Gentleman, practically speaking, is about mastering practicalities and finding joy in your daily-ness, your routines, while keeping your head in the clouds. Lovely.

“Having acknowledged that a man must master his circumstances or otherwise be mastered by them, the Count thought it worth considering how one was most likely to achieve this aim when one had been sentenced to a life of confinement.

For Edmond Dantes in the Chateau d’If, it was thoughts of revenge that kept him clear-minded. Unjustly imprisoned, he sustained himself by plotting the systemic undoing of his personal agents of villainy. For Cervantes, enslaved by pirates in Algiers, it was the promise of pages as yet unwritten that spurred him on. While for Napolean on Elba, strolling among chickens, fending off flies, and sidestepping puddles of mud, it was visions of a triumphal return to Paris that galvanized his will to persevere. 

But the Count hadn’t the temperament for revenge; he hadn’t the imagination for epics; and he certainly hadn’t the fanciful ego to dream of empires restored. No. His model for mastering his circumstance would be a different sort of captive altogether: an Anglican washed ashore. Like Robinson Crusoe stranded on the Isle of Despair, the Count would maintain his resolve by committing to the business of practicalities. Having dispensed with dreams of quick discovery, the world’s Crusoes seek shelter and a source of fresh water; they teach themselves to make fire from flint; they study their island’s topography, its climate, its flora and fauna, all the while keeping their eyes trained for sails on the horizon and footprints in the sand.”

  1. Krista Butters Davis says:

    This sounds like a good story. Any story that can show you ways of finding joy in your day to day life is worth the read. I know how crazy life can get nowadays that we tend to forget about the important and small things that we take for granted everyday. I have not read a story based out of Russia. It would be fun to learn a little bit more about their culture.

Leave a Comment

Your email address will not be published. Required fields are marked *

The Life She Was Given

This story made me think of the quote by Harper Lee: “You can choose your friends, but you sho’ can’t choose your family.”  Meet heroine number one, Lilly, who survives daunting familial abuse only to face even more when she is sold to a circus sideshow traveling through the town in which she lives.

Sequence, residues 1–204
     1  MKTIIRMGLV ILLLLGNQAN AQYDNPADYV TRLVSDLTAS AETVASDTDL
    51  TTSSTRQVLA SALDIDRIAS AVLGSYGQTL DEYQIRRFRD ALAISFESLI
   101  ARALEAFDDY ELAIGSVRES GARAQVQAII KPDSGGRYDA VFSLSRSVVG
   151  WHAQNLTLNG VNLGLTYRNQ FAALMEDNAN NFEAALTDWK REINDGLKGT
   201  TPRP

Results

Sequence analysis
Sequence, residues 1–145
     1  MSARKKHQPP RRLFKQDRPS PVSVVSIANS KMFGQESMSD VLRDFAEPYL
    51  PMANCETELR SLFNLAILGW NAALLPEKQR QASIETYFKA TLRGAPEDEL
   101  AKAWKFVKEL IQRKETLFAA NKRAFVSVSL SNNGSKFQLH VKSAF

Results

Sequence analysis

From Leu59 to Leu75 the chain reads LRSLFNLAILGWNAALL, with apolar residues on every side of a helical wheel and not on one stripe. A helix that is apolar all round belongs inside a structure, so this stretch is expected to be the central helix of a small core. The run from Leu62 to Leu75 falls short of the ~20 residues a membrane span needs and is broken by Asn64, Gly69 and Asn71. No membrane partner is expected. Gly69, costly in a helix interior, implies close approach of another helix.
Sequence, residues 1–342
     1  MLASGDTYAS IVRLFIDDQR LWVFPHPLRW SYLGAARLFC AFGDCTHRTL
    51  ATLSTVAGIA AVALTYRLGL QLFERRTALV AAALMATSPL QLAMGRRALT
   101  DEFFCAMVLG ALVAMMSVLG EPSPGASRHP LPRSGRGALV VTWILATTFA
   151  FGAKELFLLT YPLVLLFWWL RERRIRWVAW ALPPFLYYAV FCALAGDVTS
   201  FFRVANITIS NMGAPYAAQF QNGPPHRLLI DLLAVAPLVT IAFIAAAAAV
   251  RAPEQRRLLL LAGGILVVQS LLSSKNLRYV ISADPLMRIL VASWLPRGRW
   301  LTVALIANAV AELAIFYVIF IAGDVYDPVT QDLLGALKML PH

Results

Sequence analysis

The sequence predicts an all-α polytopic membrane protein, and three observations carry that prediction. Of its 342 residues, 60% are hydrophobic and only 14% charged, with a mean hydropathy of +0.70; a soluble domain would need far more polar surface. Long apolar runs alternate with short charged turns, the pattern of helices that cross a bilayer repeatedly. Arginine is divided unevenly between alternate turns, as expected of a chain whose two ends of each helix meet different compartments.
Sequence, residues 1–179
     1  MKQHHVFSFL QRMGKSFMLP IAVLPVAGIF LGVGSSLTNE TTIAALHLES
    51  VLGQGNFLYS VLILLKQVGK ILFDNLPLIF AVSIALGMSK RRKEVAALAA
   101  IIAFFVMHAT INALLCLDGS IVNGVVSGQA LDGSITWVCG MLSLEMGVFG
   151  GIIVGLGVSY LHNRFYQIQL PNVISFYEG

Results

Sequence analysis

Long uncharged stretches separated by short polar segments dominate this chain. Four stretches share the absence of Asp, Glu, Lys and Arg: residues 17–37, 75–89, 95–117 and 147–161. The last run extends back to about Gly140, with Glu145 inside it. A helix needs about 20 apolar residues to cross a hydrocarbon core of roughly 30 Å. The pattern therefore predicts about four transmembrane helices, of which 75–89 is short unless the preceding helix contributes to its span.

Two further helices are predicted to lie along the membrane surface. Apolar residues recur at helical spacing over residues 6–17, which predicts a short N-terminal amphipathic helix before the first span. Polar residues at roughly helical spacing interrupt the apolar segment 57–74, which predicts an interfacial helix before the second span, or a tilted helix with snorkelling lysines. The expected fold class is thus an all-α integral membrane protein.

Lilly is a beautiful child, but because it’s the 1930s and she’s a child with albinism, she’s turned into a freakish oddity. Her family locks her away in their attic until she is sold by her mother to the circus at age 10. Having never been allowed to venture outside of her attic domain, she is terrified by her new surroundings and struggles to adjust to them. Ultimately, she develops friendships, finds love, and becomes a featured star performing with her beloved elephants in the Big Tent.

Fast forward several years to when heroine number two, Julia, inherits a horse farm, including the family mansion where Lilly was incarcerated as a youngster. As Julia explores the house, she uncovers hidden areas and secrets to which she is determined to find the answers. She finds her father’s diary. For what horrible deeds did he seek forgiveness? Who is the mysterious Lilly? Her father’s mistress perhaps? Or?

This is not a particularly happy story. However, it shines with the resilience and determination of strong women who refuse to be defeated by adverse circumstances. It also is an insightful look into the bonds created between animals and humans as well as behind-the-scenes life as a circus performer. Does Julia solve the mystery of Lilly? Well, you’ll just have to read the book to find out.

Go to Great Finds and Giveaways for the chance to be the new owner of my copy of Ellen Marie Wiseman’s The Life She Was Given.

  1. Krista Butters Davis says:

    I am so excited to read this book. It is the next book I will be reading once I finish When The Jessamine Grows. It’s sitting on my nightstand waiting for me! I have enjoyed books from Ellen Marie Wiseman in the past and I bet this one is just as intriguing. Her writing style really draws me in. Plus, I love reading books about strong women determined to overcome what lies in their path.

  2. Krista Butters Davis says: